Australian EPCs face survival of the fittest


Despite the rapid growth of the Australian utility scale solar pipeline, only the most efficient solar project developers in this burgeoning market are likely to make it, finds the latest report on the Australian utility solar construction sector by Sydney based Sustainable Energy Research Analytics (SERA).

Currently, SERA tracks 12.7 GW of solar photovoltaic projects of 10 MW or larger, up from just a handful a few years ago. Some 311 MW is currently operating, with 1 GW under construction and a further 6 GW in advanced design stages.

“We estimate 80% of future project capacity is yet to secure an EPC partner. The scale of the opportunity for engineering, procurement and construction (EPC) companies in the Australian solar sector is huge: we estimate existing uncommitted projects to be worth over A$14.7 billion to EPC providers,” said Ben Willacy, SERA Director.

According to SERA, only five companies account for 95 % of today’s publicly announced EPC contract volumes, including three domestic engineering firms and two European ones: Sydney-based Downer, selected earlier this year to handle the EPC duties for the 148 MW array near Townsville, Sydney-based RCR Tomlinson, recently named the EPC contractor for a 110 MW solar project in Queensland’s Darling Downs region, Madrid-based Elecnor, which just a week ago pledged to provide the EPC services for the 137 MW second phase pf the Bungala solar project in South Australia, Paris-based Bouygues and Sydney-based UGL.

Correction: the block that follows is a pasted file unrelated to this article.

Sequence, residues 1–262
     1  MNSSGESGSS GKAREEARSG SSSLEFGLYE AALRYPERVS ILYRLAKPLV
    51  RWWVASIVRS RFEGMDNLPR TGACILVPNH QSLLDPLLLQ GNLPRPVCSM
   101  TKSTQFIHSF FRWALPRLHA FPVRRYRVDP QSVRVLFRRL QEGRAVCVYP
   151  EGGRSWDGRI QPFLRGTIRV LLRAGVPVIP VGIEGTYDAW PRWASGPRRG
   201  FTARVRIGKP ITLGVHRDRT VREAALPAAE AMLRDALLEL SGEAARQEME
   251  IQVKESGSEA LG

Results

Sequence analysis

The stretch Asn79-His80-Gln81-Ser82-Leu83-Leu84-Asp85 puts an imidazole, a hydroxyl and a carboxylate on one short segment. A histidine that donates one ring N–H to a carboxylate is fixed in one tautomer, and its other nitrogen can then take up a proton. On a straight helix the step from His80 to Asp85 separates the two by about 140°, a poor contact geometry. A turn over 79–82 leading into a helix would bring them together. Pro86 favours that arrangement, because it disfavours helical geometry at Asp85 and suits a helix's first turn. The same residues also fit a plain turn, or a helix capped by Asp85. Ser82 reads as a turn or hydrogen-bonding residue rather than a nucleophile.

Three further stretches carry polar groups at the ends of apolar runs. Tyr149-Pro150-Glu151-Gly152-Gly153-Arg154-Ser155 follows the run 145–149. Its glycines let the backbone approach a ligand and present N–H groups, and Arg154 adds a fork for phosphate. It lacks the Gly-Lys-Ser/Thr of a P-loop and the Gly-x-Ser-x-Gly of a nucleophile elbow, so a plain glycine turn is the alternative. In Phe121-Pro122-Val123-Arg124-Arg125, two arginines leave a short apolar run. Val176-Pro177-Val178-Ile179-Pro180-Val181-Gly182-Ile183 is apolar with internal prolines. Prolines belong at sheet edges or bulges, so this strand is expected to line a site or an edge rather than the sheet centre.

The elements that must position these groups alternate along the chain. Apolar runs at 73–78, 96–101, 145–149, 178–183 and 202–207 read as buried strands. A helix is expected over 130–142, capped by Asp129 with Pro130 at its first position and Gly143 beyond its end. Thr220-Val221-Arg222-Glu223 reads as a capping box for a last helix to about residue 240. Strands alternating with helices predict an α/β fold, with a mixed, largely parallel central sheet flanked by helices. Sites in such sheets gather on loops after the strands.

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“Competition will intensify in the near term as new players enter the market, sub-contractors step up as full EPC providers, and margins are squeezed to gain market share. But at these returns, the market will enter a ‘survival of the fittest’ phase” says Willacy.

Although it estimates EPC contract for projects currently under construction average around A$1.6/watt AC, SERA also identifies a number of upward cost drivers affecting the EPC market, including panel prices, labor costs and grid connection.

“Ongoing pressures for lower PPAs and cheaper solar combined with upward pressure on costs are squeezing EPC margins. Delivering projects at today’s prices is proving a challenge. Contractors will be taking a hard look at the current crop of projects to identify opportunities for productivity gains,” Willacy concludes.

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